The El Petén style of architecture is one of the approximately five styles of ancient Maya architecture that archaeolgists have classified. It is older than the Río Bec style -- which it influenced and the Chenes style. For those looking for El Petén style sites, Xunatunich, Tikal, Uaxactun and El Mirador are several such sites.
Various structural features common to El Petén style architecture include prominent staircases, stepped terraces, gently curving corners and tall, somewhat slender pyramids -- some nearing 250 feet in height. The interior of El Petén style buildings is narrow and has arched ceilings. Stucco masks are a common decorative feature.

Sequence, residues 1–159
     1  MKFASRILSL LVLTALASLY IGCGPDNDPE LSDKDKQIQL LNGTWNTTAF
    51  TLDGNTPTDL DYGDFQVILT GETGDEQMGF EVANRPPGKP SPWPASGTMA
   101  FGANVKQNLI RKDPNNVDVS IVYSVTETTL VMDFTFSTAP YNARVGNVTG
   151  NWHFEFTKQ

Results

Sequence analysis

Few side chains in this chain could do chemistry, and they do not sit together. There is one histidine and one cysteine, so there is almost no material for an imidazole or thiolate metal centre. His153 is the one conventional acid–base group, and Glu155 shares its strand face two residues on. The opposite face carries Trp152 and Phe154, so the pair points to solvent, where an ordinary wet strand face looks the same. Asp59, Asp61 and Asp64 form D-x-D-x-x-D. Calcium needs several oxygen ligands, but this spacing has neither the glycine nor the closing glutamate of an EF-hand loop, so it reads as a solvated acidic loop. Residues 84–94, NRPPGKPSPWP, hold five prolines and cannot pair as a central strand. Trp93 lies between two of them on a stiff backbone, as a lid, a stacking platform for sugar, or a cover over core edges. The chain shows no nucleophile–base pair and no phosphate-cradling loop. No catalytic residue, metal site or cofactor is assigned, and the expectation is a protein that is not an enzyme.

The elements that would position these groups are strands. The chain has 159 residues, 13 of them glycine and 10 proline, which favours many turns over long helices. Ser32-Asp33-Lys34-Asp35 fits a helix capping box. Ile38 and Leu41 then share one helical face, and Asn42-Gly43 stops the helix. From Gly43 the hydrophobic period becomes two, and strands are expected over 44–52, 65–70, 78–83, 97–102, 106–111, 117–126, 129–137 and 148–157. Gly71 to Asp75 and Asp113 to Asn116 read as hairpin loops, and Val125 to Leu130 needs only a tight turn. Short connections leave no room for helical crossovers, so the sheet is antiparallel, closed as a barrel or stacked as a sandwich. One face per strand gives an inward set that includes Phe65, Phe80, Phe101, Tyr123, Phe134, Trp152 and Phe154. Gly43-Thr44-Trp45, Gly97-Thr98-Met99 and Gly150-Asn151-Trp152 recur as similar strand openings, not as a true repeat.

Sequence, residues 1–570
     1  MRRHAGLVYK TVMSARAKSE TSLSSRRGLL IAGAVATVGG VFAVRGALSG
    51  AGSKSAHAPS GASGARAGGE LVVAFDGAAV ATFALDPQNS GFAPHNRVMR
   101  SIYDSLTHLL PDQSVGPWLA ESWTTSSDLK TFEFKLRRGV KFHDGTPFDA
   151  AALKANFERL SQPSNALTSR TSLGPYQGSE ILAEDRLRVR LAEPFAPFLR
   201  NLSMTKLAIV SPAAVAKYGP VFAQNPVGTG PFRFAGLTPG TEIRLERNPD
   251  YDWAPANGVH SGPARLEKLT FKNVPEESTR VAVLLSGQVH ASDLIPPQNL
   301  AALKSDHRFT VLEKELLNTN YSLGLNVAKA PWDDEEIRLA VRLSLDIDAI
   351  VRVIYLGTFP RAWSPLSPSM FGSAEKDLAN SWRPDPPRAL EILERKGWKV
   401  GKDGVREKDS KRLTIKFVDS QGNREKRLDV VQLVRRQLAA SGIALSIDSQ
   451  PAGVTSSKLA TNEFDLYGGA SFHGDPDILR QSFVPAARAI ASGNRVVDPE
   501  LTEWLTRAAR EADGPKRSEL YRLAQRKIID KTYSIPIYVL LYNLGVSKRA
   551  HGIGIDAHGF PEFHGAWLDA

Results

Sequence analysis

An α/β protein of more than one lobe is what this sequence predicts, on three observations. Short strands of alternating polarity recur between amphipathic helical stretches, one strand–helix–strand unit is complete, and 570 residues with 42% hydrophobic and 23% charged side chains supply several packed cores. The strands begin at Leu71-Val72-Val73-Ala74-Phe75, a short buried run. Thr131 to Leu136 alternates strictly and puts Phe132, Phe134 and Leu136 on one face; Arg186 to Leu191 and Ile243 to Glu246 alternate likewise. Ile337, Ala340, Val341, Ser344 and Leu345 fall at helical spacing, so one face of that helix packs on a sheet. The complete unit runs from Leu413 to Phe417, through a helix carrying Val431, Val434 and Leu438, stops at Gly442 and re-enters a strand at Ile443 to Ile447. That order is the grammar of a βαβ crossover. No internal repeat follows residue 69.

"Crests" or roofcombs are also a feature of El Petén. These are tall standalone wall-like features that are set on the back wall of a construction.
Southwest Missouri State University: Maya Architectural Styles
"The Maya World"; Demetrio Sodi M.; 1976
The Free Dictionary: Encyclopedia: Roof Comb